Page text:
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eConnection (April 2017)
Kansas Manufacturing: Food Manufacturing
Industries in the Food Manufacturing subsector transform livestock and agricultural products into products for consumption. The industry groups are distinguished by the raw materials they process.
In Kansas, food manufacturing is generally a low-wage industry with relatively stable employment. Over the past decade employment in this industry has averaged about 31,000 workers, and in 2015, was less than one percent below 2005 levels. Wages are generally below the state average for manufacturing.
The legal services sector includes offices of certified public accountants, tax preparation services, billing services, payroll services, and other accountants’ offices. CEDBR, as part of research on Kansas’ retail and service sector gaps, has analyzed sales in the accounting services sector in every county throughout Kansas.
Total accounting services employment in Kansas was approximately 6,900 in 2013, with employment of 10 in the median county in the state in this sector. Johnson County, Sedgwick County, and Shawnee County had the highest total employment and sales in the sector in the state.
43 Kansas counties had a peer sales ratio between 50 and 150 percent for the accounting services sector, while 42 had a peer sales ratio less than 50 percent. This suggests that the accounting services sector is relatively concentrated in Kansas, with a small number of counties having an outsized number of accountants and related services relative to the rest of the state. 32 Kansas counties had five or fewer workers in this sector in 2013.
The Council for Community and Economic Research released its annual Cost of Living Index for 273 urban areas. Wichita’s overall Index value was nearly 8.2 percent below the national average of 100. The most expensive urban area in which to live was New York (Manhattan), N.Y., with an Index value more than twice that of the national average. The least expensive urban area was McAllen, Texas, which was nearly 24 percent below the national average.
To subscribe to the Cost of Living Index report, or to learn more about The Council for Community and Economic Research, visit their website.
WIRE: An insightful exchange on the Creative Class
The Annual Wichita Industry Research Exchange (WIRE) took place on the morning of Wednesday, April 5th at the Holiday Inn in East Wichita. The event brought together Wichita State University scholars and local industry experts to address the importance of retaining the region's Creative Class and its affect on regional growth.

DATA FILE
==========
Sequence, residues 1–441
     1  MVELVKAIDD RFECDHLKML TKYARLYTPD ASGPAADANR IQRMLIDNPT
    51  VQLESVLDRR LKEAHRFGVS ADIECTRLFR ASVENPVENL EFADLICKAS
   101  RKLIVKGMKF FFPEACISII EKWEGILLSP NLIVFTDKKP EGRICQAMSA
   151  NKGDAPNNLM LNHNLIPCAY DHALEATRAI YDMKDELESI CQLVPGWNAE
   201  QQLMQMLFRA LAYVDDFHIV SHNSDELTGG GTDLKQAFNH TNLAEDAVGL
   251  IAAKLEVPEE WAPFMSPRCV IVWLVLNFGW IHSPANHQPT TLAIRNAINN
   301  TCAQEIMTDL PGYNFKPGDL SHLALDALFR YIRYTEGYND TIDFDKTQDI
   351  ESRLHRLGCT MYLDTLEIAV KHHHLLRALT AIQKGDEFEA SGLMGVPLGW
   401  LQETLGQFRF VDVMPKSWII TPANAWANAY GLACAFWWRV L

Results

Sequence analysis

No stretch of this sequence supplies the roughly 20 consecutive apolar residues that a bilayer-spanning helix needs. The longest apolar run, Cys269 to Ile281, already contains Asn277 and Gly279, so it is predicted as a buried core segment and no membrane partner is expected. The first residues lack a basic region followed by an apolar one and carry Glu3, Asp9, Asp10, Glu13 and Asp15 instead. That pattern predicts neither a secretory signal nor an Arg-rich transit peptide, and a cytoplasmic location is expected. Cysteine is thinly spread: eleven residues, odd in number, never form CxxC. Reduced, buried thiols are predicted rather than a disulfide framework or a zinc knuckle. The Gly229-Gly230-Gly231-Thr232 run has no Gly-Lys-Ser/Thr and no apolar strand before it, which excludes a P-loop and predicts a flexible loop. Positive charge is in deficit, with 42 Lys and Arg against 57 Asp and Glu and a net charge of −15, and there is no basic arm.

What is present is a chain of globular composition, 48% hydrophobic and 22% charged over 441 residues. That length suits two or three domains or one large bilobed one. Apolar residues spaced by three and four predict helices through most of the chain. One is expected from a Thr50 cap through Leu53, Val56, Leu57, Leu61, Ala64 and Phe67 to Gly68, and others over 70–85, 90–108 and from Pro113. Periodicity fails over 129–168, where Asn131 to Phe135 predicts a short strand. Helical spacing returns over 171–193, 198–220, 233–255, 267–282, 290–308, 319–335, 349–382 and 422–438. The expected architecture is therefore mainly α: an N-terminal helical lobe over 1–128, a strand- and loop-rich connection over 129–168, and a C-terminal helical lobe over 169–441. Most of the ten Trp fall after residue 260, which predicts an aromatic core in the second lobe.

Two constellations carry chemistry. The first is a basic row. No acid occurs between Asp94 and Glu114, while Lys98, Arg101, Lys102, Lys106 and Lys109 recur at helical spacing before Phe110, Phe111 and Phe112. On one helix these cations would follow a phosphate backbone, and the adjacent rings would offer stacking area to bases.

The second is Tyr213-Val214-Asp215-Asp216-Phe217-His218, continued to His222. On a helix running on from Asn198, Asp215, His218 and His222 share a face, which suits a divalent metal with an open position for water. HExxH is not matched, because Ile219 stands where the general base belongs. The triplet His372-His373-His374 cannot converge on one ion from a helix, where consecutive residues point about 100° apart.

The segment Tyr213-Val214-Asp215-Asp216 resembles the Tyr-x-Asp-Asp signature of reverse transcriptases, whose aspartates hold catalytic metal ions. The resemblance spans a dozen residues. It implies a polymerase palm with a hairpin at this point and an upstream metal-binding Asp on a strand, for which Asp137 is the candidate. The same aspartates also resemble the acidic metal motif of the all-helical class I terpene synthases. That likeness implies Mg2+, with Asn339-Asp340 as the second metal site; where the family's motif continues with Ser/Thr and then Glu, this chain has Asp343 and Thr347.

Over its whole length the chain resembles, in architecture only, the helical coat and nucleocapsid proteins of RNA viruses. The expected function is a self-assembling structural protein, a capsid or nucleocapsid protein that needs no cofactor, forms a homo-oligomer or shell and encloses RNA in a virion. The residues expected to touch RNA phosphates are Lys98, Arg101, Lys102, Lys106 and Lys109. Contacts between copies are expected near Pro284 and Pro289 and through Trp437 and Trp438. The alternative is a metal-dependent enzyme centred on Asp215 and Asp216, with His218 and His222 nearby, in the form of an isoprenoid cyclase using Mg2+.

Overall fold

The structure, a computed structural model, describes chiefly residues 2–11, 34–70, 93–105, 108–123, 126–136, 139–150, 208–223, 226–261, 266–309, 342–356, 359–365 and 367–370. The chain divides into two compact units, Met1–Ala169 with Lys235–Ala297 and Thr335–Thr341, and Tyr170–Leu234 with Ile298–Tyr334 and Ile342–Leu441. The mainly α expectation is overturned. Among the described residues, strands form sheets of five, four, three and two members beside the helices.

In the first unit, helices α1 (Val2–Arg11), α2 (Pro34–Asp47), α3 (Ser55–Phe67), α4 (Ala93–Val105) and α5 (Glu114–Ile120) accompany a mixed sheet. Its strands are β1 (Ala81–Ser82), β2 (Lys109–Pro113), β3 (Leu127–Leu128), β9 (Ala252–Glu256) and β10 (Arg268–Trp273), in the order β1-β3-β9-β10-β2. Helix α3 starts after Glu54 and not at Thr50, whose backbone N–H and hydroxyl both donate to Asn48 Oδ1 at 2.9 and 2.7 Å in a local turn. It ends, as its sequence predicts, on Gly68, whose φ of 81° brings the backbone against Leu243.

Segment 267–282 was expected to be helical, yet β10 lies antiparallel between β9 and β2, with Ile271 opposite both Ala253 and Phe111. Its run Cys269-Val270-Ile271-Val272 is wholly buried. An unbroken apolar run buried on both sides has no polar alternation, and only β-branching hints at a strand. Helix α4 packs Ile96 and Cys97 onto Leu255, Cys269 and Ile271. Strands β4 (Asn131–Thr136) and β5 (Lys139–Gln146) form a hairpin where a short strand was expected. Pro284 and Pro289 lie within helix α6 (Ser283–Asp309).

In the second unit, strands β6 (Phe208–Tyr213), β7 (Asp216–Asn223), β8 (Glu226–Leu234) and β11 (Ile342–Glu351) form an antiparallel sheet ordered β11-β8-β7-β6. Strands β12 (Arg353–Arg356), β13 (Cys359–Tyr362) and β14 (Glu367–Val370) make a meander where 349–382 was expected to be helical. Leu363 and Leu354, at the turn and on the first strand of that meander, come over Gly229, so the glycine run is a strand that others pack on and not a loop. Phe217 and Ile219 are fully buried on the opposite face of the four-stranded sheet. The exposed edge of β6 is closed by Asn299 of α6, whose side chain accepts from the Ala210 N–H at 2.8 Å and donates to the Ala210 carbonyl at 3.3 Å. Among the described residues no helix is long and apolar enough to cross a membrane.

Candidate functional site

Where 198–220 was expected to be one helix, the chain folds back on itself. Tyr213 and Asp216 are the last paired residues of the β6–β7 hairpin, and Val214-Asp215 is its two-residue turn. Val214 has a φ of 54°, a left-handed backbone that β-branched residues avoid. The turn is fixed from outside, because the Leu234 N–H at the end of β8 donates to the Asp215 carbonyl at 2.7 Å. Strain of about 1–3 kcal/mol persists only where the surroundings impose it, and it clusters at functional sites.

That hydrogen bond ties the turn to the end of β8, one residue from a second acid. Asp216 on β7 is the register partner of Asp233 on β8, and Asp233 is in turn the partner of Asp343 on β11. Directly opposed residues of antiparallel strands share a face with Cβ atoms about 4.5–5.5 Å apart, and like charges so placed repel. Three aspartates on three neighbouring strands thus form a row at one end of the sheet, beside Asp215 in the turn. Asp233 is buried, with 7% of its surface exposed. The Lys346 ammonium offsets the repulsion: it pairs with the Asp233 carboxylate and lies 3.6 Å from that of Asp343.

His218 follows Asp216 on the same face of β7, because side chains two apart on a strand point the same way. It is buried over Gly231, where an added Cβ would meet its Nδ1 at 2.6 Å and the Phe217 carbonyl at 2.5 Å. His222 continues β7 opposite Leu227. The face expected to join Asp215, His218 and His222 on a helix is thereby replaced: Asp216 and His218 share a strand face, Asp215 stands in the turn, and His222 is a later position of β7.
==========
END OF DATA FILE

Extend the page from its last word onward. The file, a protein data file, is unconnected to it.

Dr. Timothy Craft presented his research on the Creative Class in growing cities around the country, comparing these growing workforces to that of the Wichita-area. He shared the three key components (as defined by Richard Florida) for retaining Creative Class workers, including: talent, technology, and tolerance. In his final comments, Dr. Craft highlighted the importance of Wichita building connections between industry and academic research, keeping university graduates in Wichita, building on a low cost of living, and retaining an artistic community, with openness to new ideas.
Next, Dr. Arwiphawee (Sai) Srithongrung shared her research regarding the importance of a city's investment in the artistic community. She concluded that both arts and culture serve dual roles in the local economy: exporting goods and services to outsiders and increasing quality of life to attract knowledge-class workers.
After a brief break, the event continued with a panel discussion involving several local employers and industry experts, which included: Jennifer Rygg of Rygg Design, Jeff Weiford of GLMV Architecture, Jennifer Hughes of High Touch Technologies, and Leah Lavender of the Greater Wichita Partnership. This panel, led by WSU professor Dr. Gery Markova, addressed new and changing demands often seen in this class of workers and how employers can be flexible in responding to these new demands.
Tune in to recordings of this event on WSU-TV on the following dates/times:
April 20 7pm
April 21 2pm, 7pm
April 22 2pm, 10pm
April 23 1pm, 7pm
April 24 9am, 2pm
September 2016 to October 2016, Current & Leading Indices increased. *This is the most current indices information available. More up-to-date indices data will be available in May.
The U.S. and Midwest inflation rates both increased from January 2017 to February 2017.
The unemployment rate for Kansas, as a whole, decreased from January 2017 to February 2017. While the Wichita MSA remained constant, Lawrence, Topeka, and Manhattan saw a decrease of 0.1, 0.2 and 0.3 percentage points respectively.
Current Unemployment Rate
Center for Economic Development and Business Research
1845 Fairmount | Wichita, KS 67260-0121 | Phone: (316) 978-3225 | FAX: (316) 978-3950 | CEDBR@wichita.edu